Our CEO Chris Chatmon was an integral part of a powerful panel presentation at the American Educational Research Association (AERA) conference in Chicago on April 14 presenting with other education leaders and luminaries. Dr. Vajra Watson, Professor of Educational Leadership and Racial Justice at Sacramento State University, recently designed the presentation “Living Hip-Hop: The Community-Based Organization as a Space for Educational Liberation.” This presentation centered around the use of Hip-Hop in class to draw students to writing and expressing themselves which improves literacy and well-being.
The panelists included: Chris Chatmon, the Founder and CEO of Kingmakers of Oakland; Denisha ‘Coco’ Bland, the Associate Director of Sacramento Area Youth Speaks (SAYS) at UC Davis; Patrice Hill, the Director of SAYS at UC Davis, and Sal Villalobos, the Program Director at United Playaz in San Francisco. The discussant was Dr. Gloria Ladson-Billings, a former Distinguished Professor of Urban Education at the University of Wisconsin-Madison. The panel was chaired by Dean Dr. Pedro Noguera, a Distinguished Professor of Education at the University of Southern California.
“You can connect with young people who appear to be disconnected and alienated in school, but have a lot to say about what is happening in their lives.” Dr. Noguera explained how intelligence and brilliance in students can be unseen or unrecognized, and consequently not developed, neither cultivated, nor channeled. So that brilliance is often not fully expressed.”
The panelists shared video vignettes of the strategies to integrate hip-hop in the classroom. They highlighted how hip-hop can be used to connect with students and provide them a platform to express their voices and experiences, and ultimately breed healing. The panelists also emphasized the importance of community-based organizations in this work, as they provide a safe and supportive space for students to explore their creativity and develop their skills.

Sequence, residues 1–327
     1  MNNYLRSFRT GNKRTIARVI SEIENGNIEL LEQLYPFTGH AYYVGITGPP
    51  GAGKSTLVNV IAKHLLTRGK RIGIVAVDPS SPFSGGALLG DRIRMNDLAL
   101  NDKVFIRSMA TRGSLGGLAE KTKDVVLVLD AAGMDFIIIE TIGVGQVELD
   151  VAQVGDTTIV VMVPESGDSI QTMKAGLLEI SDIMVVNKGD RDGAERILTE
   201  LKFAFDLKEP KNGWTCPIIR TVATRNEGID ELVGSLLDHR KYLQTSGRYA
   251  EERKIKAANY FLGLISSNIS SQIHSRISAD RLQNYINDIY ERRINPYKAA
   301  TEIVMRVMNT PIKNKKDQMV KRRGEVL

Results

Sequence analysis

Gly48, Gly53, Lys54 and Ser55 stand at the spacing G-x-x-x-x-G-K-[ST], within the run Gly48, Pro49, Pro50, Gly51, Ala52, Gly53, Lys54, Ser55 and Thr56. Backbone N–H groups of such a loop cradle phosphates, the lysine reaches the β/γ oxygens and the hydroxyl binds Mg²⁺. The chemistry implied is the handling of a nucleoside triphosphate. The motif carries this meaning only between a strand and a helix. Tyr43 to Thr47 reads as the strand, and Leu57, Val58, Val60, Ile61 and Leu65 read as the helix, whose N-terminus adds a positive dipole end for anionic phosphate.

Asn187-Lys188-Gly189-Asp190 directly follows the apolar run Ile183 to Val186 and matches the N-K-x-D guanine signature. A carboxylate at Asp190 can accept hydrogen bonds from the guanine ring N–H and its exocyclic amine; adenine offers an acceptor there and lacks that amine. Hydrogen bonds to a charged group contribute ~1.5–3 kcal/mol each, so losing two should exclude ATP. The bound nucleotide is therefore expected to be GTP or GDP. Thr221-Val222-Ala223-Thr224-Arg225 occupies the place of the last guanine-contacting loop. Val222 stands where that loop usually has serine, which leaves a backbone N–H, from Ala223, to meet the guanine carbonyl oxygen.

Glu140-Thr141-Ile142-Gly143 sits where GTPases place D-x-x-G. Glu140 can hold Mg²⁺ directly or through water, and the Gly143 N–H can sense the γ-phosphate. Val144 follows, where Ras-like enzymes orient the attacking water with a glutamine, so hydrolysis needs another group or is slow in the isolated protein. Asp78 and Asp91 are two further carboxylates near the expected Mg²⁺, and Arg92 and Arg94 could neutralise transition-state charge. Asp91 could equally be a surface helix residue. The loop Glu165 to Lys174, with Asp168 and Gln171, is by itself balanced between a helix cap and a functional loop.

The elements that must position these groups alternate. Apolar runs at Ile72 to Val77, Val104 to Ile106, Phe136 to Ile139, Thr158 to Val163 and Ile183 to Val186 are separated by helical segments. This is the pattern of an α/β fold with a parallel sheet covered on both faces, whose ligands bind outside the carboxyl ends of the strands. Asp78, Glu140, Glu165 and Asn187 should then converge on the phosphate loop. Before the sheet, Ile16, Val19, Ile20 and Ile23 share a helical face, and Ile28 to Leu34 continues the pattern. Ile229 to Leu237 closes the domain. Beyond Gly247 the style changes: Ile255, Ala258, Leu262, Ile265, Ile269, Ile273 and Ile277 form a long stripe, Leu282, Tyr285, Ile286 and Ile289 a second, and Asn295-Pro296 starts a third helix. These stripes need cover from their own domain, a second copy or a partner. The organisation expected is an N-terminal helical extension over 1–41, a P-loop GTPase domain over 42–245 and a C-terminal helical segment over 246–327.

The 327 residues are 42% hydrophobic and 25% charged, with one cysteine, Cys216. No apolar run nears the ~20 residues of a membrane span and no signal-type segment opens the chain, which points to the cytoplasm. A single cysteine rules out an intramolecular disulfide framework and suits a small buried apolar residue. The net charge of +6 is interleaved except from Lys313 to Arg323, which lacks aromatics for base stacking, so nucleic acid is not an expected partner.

The presentation and panel discussion were timely, as the use of hip hop in education continually gains increasing recognition. Hip-hop has been shown to be an effective tool for engaging students and promoting critical thinking and creativity. It can also help students develop a positive sense of self and a sense of community. The panelists’ work in community-based organizations demonstrates the potential of these organizations to support student learning and development in innovative ways.
“Indeed Hip Hop has become the sound track for most marketing campaigns. I want you, when you go home go to YouTube, look for a Flintstones 1992 (1988) commercial, where Barney comes in channelling Run DMC. He got on a corquin hip-hop hat. He got on a big gold chain. And when have you ever seen Flintstones having shoes on? Barney had on Adidas. He was wearing Adidas, 1992 (1988). All the way up to Nabisco selling Oreos with Wiz Kalifa today,” Dr. Gloria Ladson-Billings pointing out the power and persuasion of hip-hop. “The people in the marketing segment understand that this is a money maker, and they are going to keep using it. We try to keep it out of our classroom.”
Through their use of hip hop, the panelists demonstrated how students can be engaged and empowered to develop their literacy skills and explore their creativity. This work is particularly important in today’s educational landscape, where students from marginalized communities face significant challenges in accessing relevant curriculum and a quality education.
Dr. Ladson-Billings who was the 2005-2006 president of the AERA, has been examining the pedagogical practices of teachers who are successful with African American students over the past four decades. She acknowledged, “I’m just so impressed with the work that you guys (panelists) are doing.”